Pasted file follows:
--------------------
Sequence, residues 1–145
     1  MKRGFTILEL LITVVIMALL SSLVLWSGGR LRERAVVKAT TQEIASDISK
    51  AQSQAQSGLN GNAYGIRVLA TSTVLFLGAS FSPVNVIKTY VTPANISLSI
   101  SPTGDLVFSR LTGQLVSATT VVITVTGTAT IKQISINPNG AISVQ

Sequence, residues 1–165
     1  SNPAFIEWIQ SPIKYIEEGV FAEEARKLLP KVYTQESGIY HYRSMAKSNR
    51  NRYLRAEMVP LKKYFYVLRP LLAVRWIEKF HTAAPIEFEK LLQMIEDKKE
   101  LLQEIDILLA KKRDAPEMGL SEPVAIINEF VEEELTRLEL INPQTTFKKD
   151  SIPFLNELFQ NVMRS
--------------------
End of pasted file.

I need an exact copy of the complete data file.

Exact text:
Sequence, residues 1–145
     1  MKRGFTILEL LITVVIMALL SSLVLWSGGR LRERAVVKAT TQEIASDISK
    51  AQSQAQSGLN GNAYGIRVLA TSTVLFLGAS FSPVNVIKTY VTPANISLSI
   101  SPTGDLVFSR LTGQLVSATT VVITVTGTAT IKQISINPNG AISVQ

Sequence, residues 1–165
     1  SNPAFIEWIQ SPIKYIEEGV FAEEARKLLP KVYTQESGIY HYRSMAKSNR
    51  NRYLRAEMVP LKKYFYVLRP LLAVRWIEKF HTAAPIEFEK LLQMIEDKKE
   101  LLQEIDILLA KKRDAPEMGL SEPVAIINEF VEEELTRLEL INPQTTFKKD
   151  SIPFLNELFQ NVMRS